Transparency and full disclosure — these are expectations for today’s mega-cap companies in the Information Age, but they haven’t necessarily been the strong suit for Google parent company Alphabet (NASDAQ:GOOGL). Now that Alphabet is a monster with a trillion-dollar market cap, Google stock investors have every right and reason to ask not only for value but for full transparency from the company.
In light of this, concerns abound and surround the company as well as the stock, which is expensive and may have been unduly priced in Alphabet’s assumed future growth. Granted, Alphabet did make some long-awaited disclosures recently, but this might be too little, too late as enhanced share prices require, to me at least, enhanced justification.
Alphabet Breaks Out the Numbers (or at Least, Some of Them)
As a YouTuber myself, I’ve shared shareholders’ frustrations as Alphabet seemed to drag its feet in reporting YouTube revenues. Month after month, Google stock holders were in the dark as to how much money those incessant ads were generating.
At long last, Alphabet for the very first time revealed Google’s YouTube ad revenues as part of its fourth-quarter 2019 earnings report. Some analysts and shareholders, along with industry participants (myself included), would prefer that Google release YouTube ad revenues separately … and more frequently; I’m not counting on Google or Alphabet to make that change anytime soon, though.
So let’s get down to brass tacks, shall we? During the entirety of 2019, YouTube advertising generated $15.15 billion, and $4.72 billion of that revenue came in Q4 of 2019. That’s a pretty good improvement over 2018, in which YouTube full-year revenue amounted to $11.16 billion, with that year’s Q4 showing $3.61 billion in YouTube ad sales.
I want to know how much (percentage-wise) of the platform’s advertising revenue went to video creators like me. Analysts and shareholders would likely want to know this bit of information as well, as it can help people to gauge how profitable YouTube really is. Regrettably, neither Google nor Alphabet is forthcoming with this information.
As for Alphabet’s cloud business, which is a comparatively new source of revenue for the company, analysts and investors also finally received some critical stats. In particular, $8.92 billion of sales came from the company’s cloud business during fiscal-year 2019, and $2.61 billion of that came during the fourth quarter. In fiscal-year 2018, cloud-business revenue was $5.84 billion, with Q4’s number at $1.71 billion. That’s some significant growth in that segment.
Under Close Scrutiny … and Rightfully So
This is all a good start, but by themselves, these limited disclosures might not be sufficient to allay concerns surrounding Alphabet’s secretive tendencies. If anything, Alphabet ought to be doing anything and everything in its power to highlight fair and forthright practices as it faces increased scrutiny and wariness.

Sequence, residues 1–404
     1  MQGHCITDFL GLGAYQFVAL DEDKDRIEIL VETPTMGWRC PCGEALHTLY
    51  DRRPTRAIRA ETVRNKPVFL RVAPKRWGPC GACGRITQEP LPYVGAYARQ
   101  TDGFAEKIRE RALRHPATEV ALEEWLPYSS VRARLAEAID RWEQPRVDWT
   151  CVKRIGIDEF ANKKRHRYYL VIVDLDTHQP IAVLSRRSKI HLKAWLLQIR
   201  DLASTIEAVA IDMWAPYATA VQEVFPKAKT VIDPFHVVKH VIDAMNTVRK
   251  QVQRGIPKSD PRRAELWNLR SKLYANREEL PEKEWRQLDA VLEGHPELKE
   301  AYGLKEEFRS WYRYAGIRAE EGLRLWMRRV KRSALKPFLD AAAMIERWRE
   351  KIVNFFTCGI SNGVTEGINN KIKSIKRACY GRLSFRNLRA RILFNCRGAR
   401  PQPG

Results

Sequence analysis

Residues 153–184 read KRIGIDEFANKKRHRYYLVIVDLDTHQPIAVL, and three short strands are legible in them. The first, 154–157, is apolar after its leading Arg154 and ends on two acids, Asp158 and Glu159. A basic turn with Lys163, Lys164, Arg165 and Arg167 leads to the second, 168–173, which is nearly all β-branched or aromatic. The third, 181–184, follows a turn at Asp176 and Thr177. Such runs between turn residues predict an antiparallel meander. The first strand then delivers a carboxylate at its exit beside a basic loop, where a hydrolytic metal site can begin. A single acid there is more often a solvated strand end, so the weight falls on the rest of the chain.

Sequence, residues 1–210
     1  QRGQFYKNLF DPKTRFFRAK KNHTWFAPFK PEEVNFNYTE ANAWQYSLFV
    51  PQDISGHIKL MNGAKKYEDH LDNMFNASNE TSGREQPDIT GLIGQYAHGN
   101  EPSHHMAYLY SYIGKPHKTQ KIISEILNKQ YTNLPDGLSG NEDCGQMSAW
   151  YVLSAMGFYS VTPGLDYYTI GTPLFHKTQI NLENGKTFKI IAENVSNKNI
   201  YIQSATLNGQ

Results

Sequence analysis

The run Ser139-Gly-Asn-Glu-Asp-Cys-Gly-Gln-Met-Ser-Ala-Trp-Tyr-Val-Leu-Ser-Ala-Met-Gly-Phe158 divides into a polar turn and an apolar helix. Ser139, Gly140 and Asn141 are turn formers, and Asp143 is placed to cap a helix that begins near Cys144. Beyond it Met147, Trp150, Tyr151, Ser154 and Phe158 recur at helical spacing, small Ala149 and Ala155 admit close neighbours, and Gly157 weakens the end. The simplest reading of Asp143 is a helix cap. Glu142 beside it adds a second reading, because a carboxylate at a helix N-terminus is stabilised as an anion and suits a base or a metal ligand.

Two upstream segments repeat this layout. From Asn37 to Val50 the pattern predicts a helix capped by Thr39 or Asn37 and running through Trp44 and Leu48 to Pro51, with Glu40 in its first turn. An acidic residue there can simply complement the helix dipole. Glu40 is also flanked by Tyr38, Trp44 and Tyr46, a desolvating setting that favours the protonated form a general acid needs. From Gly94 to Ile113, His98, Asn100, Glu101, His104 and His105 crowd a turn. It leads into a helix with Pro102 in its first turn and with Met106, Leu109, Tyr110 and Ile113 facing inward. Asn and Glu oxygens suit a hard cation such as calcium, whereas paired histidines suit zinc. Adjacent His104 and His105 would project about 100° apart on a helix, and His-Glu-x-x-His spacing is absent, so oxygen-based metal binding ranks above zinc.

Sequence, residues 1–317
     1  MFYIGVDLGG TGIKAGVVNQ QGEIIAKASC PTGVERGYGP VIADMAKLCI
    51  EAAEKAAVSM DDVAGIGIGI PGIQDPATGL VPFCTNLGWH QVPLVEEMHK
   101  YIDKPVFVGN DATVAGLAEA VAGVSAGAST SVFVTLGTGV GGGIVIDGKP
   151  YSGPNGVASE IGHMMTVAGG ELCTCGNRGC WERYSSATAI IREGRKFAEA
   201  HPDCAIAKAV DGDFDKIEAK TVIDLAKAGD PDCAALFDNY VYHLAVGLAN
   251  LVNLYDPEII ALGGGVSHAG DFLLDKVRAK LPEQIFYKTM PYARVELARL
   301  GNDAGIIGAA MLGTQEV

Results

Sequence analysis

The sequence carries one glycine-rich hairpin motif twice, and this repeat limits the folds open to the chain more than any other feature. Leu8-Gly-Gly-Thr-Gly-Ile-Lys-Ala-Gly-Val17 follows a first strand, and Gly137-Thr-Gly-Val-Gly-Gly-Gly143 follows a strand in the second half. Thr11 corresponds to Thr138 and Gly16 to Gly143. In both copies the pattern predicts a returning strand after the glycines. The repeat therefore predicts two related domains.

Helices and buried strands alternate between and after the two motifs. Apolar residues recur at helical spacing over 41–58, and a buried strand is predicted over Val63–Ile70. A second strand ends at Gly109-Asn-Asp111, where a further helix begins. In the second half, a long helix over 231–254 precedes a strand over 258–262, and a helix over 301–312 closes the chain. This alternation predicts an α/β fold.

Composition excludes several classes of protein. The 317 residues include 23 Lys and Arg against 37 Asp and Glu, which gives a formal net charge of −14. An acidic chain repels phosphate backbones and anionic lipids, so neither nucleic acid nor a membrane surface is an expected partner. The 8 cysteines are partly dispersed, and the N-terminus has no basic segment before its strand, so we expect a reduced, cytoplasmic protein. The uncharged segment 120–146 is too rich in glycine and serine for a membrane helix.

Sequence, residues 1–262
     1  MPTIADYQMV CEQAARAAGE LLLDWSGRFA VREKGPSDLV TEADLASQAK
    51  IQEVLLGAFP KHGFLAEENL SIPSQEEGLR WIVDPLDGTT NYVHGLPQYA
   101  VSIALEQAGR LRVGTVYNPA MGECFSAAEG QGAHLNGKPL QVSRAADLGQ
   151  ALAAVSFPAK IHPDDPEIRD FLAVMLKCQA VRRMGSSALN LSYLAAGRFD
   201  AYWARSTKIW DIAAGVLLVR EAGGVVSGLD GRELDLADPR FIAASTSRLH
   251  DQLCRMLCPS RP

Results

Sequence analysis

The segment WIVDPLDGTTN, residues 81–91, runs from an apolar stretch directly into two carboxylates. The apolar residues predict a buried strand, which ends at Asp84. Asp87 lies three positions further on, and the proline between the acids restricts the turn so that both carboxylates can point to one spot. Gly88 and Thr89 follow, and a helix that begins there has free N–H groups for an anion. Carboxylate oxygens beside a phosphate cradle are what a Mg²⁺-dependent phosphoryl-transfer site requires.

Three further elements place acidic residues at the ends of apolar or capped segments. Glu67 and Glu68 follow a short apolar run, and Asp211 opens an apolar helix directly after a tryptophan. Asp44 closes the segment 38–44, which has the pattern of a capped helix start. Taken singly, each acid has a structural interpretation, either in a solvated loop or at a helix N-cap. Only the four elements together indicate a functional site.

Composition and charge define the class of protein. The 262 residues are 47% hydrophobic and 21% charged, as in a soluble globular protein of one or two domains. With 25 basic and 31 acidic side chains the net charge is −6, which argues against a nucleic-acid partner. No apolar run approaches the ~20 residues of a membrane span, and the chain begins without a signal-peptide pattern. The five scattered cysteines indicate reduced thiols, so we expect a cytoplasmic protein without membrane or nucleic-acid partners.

Today, Alphabet remains closely monitored by both federal and state regulators as there is talk of alleged anti-competitive behavior. To that end, 50 U.S. attorneys general hailing from various states and territories — with only those from Alabama and California not signing on — in September announced an antitrust investigation into Google’s advertising business.
Also related to the trust issue is Google’s commitment to user privacy; this company isn’t the only culprit, of course, but the last thing Alphabet needs now is to justify the criticism lobbed against Google for mishandling consumers’ rights to privacy. Above all else, Alphabet needs to answer the lingering question of what Big Tech can do to produce a champion of privacy that consumers can trust.
In an e-mail to InvestorPlace, Vasant Dhar, professor of Information Systems, NYU Stern, suggests that changes may come but not likely willingly from a Big Tech behemoth like Alphabet:
“The unbridled profit maximizing ‘objective functions’ that are applied at scale will continue to abuse data to the extent they can get away with it. The communications act of 1996 protects them. This should change. California’s consumer protection law is a step in the right direction in that it puts businesses on notice for violations, namely, if the data are used for purposes other than those stated by the data collector. But enforcement will not be easy.”
It would be unfortunate to see an industry leader like Alphabet comply with privacy, trust, and transparency standards only after being forced to do so. One can hope that Alphabet will take steps to anticipate legal requirements — or better yet, curtail anti-competitive practices because it’s simply the right thing to do — but I’m certainly not holding my breath.
The Takeaway on Google Stock
Long-term investors can celebrate Alphabet’s surpassing of the $1 trillion market cap milestone and revel in their gains in Google stock; as a lowly market writer, who I am to begrudge them that? This doesn’t mean, however, that I wish to recommend a long position as there are too many unanswered questions which, ironically enough, a simple Google search just can’t answer.
As of this writing, David Moadel did not hold a position in any of the aforementioned securities.